Our recent webinar on Marketing Planning and Performance in an ABM World covered a lot of territory. With three experts in the field each bringing insights from their particular background and specialty, attendees got a heaping dose of knowledge in exchange for the hour they spent.
It’s not too late to gain some of that knowledge yourself. The webinar recording is still available, if you register at the link above.
If you’re not quite sure about watching yet, our webinar recap can give you some of the highlights.
The first panelist, marketing influencer and B2B advisor Jason Hekl, started us out by defining ABM as “demand creation and customer relationship programs and messaging to an audience of specific accounts.”
With a robust background in ABM, even when it went by other names like “target-based marketing,” he was able to provide perspective on how it works now and how it’s evolved over the years.
The Three Steps of ABM
Jason laid out three main steps that have been a part of successful ABM from before its current incarnation:
- Narrow your focus. ABM is decidedly not a numbers game. You want to get specific with your list of accounts. Hekl suggests having multiple tiers to focus on, with your top tier probably being so specific as to be in the double digits or less. That’s how focused you want to be.
- Do your research. To reach those specific accounts, you need to learn everything you can with whatever resources are available to you.
- Customize your outreach. Put your research to work making every message you send to your target accounts specific to the needs and priorities you’ve identified in your research.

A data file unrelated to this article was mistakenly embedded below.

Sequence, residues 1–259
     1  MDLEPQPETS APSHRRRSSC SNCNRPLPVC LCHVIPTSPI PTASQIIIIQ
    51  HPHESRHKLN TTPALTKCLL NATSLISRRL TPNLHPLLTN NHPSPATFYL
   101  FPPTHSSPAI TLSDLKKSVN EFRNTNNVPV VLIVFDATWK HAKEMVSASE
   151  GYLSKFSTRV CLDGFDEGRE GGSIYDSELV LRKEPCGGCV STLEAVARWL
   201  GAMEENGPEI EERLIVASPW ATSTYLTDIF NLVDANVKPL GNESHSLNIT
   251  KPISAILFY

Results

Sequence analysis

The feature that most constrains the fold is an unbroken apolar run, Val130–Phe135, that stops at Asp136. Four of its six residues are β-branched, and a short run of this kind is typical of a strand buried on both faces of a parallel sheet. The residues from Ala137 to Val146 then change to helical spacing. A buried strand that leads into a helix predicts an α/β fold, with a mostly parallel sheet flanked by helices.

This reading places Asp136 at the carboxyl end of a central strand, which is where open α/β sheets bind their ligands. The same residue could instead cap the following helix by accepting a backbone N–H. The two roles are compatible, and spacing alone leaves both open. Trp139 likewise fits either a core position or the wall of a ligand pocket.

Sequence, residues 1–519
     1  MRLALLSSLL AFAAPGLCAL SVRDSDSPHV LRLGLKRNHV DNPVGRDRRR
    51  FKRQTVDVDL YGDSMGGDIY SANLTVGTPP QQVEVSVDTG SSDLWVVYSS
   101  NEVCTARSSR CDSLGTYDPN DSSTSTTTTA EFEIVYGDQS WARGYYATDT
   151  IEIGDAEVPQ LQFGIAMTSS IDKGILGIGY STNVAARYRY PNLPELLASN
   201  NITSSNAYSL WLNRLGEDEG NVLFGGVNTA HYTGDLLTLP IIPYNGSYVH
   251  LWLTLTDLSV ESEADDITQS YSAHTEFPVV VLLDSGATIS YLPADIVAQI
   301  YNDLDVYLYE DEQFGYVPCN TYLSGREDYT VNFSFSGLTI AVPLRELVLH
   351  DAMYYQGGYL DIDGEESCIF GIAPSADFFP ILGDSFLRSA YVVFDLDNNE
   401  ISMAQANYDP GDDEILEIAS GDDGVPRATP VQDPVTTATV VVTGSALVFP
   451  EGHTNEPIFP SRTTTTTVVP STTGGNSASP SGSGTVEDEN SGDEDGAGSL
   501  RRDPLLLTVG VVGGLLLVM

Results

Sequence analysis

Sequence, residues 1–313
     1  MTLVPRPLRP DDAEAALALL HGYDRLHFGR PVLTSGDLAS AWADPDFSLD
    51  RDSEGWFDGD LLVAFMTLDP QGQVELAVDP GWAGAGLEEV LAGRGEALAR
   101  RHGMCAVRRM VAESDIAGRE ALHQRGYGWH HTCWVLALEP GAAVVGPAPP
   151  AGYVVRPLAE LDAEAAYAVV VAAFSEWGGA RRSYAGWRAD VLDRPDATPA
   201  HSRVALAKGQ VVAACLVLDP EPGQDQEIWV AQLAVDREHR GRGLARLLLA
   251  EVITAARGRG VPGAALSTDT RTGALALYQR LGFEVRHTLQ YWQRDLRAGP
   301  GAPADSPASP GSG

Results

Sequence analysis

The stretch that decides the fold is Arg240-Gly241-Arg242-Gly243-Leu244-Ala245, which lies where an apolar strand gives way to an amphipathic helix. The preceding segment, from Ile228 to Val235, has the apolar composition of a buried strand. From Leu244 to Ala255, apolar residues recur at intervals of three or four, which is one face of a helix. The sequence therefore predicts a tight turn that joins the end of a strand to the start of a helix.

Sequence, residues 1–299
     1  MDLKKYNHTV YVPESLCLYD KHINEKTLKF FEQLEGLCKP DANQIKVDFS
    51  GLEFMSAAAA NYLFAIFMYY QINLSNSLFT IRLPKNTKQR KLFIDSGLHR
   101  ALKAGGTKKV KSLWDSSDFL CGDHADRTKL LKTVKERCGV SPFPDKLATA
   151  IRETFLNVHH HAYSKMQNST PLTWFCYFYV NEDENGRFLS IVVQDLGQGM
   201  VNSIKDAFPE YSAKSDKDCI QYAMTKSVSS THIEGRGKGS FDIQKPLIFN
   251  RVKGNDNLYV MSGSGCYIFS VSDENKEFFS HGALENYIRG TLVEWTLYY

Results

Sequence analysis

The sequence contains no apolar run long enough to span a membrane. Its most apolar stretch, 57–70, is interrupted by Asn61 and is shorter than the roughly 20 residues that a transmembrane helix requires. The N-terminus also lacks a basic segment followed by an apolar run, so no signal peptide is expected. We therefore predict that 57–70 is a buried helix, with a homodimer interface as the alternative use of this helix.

These tenets have always been important to doing targeted marketing well, but luckily our ability to achieve the different steps of the process has largely improved over the years.
How It’s Different Now
Jason identified three ways that ABM has gotten easier, and one way that it’s become more challenging.
- We now have better tools for intelligence. Marketers can learn more about people faster.
- We have more channels for reaching people. You don’t have to hope for the best with cold calling or send people to meet with accounts in person; the internet has created a wide range of ways to reach people.
- We have sophisticated martech tools. Tech products allow marketers to scale ABM. There are tools to structure workflow, improve measurement and diagnostics, and even tools to ensure you can connect all your different tech tools. These tech products are great enablers for companies deploying ABM.
Those are the positives that have changed. The big negative: increased noise. People get so many emails, encounter so much content, and see so many ads from day to day that standing out and cutting through the noise is a huge concern for marketers.
Getting ABM Right is Hard, But Possible
While technology and the internet have made some aspects of ABM easier, it’s still tricky to get right. Hekl laid out a few specific things businesses need to get right in order for ABM to work well:
- You need alignment with other departments. If you’re not working with sales, your work is far less likely to pay off.
- You can’t depend on the traditional funnel. The old funnel was based on assumptions about how people are likely to interact with a brand, you should pay attention to what your data tells you.